Since the Israeli army evicted residents of Susya from their village in order to establish an archeological site in its place, the Israeli military has refused to issue the Palestinians any building permits. Now, the High Court has given the army a green light to demolish the village and forcefully transfer its residents. Israel's High Court of Justice on Tuesday gave the army a green light to demolish the Palestinian village of Susya and forcibly transfer its residents out of Area C of the West Bank. The court refused to issue an injunction that would freeze any demolitions in the…

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  • The only issue that matters in Israel's elections

    I grew up in a settlement. I met more Palestinians that the average Israeli. But it was only during my military service in the West Bank that I realized our 47-year rule over the occupied territories must come to an end. By Shay Davidovich Elections have always fascinated me. As a child, I insisted on staying up late to hear the preliminary results and the party leaders’ initial responses – all happy to declare the dawn of a new era. The soldier’s votes were always counted late, but were never seemingly influential, at most one seat here or there. Interested…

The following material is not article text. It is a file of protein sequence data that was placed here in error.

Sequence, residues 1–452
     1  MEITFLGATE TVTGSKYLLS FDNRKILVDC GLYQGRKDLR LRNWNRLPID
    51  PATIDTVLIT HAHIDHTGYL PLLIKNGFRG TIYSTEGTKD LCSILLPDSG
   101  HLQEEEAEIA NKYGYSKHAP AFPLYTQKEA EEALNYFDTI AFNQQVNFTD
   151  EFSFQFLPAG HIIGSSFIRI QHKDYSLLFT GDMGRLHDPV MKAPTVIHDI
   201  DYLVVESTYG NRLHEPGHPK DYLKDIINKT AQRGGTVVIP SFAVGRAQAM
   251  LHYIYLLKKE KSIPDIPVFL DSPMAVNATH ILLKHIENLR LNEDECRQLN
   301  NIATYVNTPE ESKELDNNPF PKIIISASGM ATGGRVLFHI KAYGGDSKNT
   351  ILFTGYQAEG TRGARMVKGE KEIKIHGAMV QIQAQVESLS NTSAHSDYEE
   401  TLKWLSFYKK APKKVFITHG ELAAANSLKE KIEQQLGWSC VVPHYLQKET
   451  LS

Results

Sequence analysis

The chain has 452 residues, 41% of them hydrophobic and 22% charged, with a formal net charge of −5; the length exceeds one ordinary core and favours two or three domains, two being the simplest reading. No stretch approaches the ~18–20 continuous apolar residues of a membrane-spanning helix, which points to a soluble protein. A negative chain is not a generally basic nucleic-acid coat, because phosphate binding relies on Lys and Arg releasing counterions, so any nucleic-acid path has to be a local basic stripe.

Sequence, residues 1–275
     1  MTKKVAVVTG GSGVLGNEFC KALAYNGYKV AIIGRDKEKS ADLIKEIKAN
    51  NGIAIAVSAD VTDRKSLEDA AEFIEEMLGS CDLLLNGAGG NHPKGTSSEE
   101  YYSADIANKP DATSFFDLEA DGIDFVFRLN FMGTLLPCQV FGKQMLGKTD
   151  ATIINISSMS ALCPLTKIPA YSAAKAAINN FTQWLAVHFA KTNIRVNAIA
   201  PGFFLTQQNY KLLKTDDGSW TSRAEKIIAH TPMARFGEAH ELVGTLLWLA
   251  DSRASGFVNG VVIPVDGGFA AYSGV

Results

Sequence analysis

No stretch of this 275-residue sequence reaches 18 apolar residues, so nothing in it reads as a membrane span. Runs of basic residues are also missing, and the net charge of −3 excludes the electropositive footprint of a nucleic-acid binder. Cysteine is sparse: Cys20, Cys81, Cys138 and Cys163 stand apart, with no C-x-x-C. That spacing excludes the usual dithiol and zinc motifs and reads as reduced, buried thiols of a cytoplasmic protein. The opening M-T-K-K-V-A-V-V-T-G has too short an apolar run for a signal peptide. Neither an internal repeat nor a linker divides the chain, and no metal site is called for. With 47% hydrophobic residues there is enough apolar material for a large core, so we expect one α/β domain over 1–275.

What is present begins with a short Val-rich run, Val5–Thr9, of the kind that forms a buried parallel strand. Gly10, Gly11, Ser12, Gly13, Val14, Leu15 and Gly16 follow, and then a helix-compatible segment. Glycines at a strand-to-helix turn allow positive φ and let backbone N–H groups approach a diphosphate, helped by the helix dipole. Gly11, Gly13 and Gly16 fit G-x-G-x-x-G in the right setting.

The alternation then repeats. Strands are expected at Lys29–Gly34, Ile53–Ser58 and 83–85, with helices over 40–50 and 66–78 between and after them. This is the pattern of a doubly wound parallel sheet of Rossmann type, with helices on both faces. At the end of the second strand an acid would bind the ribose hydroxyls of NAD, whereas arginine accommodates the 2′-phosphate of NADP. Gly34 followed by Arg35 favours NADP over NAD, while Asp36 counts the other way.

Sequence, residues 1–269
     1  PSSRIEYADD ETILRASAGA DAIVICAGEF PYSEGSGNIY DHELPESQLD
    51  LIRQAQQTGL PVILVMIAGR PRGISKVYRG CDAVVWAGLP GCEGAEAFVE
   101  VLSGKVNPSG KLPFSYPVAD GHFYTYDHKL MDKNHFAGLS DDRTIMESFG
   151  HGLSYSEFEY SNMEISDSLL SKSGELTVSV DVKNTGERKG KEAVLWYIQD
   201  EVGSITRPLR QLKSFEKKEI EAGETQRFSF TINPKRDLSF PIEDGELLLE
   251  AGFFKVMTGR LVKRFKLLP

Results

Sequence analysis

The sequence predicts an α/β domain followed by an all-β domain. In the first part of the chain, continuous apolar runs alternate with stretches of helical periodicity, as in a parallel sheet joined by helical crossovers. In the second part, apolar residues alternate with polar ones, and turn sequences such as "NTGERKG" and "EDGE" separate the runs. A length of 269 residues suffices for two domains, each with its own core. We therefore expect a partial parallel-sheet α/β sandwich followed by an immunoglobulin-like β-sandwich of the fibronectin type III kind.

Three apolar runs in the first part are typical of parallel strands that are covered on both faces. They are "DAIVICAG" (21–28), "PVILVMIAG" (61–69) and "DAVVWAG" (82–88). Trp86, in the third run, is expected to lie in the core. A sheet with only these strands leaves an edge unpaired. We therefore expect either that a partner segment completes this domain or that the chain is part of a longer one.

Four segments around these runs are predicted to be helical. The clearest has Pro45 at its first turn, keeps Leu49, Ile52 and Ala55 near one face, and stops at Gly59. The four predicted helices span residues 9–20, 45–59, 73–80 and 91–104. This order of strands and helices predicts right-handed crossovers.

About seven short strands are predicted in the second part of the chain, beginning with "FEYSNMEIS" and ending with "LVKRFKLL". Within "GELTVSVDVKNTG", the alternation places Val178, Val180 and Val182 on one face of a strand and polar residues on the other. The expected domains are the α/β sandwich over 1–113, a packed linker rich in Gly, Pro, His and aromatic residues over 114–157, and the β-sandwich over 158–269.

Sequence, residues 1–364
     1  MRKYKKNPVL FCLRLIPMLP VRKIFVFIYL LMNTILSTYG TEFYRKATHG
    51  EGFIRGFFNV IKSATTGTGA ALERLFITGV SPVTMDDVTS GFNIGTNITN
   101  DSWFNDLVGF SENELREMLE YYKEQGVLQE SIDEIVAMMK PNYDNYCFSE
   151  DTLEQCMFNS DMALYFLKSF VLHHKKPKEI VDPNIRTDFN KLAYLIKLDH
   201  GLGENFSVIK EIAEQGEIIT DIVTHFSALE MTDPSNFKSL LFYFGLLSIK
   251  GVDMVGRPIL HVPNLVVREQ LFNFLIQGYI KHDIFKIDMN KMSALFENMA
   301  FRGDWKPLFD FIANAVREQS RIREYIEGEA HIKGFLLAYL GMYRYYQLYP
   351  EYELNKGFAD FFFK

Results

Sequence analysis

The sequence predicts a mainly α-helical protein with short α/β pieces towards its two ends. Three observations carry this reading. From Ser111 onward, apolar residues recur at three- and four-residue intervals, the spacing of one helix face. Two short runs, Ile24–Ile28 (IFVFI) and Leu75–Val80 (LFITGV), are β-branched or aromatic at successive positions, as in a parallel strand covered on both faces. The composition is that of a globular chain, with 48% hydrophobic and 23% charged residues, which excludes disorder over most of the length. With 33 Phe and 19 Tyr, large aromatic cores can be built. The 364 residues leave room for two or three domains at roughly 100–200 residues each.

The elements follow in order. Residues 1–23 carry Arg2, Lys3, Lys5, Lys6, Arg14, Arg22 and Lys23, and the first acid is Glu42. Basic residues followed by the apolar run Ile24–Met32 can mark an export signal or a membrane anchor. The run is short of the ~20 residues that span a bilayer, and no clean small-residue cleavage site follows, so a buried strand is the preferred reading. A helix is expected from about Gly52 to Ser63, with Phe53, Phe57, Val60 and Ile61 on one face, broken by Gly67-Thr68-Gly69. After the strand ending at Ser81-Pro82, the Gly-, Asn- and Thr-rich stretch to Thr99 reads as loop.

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  • 'I realized violence came from settlers, not Palestinians'

    On the occasion of 10 years since the founding of Breaking the Silence, a former IDF soldier talks about how he came to understand the immorality of the mission his country sent him on, and Israeli society’s silence surrounding it. By Shay Davidovich The drive down Highway 5, heading east into the Occupied Territories, can be deceptive. The wide road and pastoral landscape almost succeed in obscuring the barbed wire fences and heavy military presence. I know this road quite well. It leads to the settlement of Ariel, where I grew up and lived most of my life. Much of…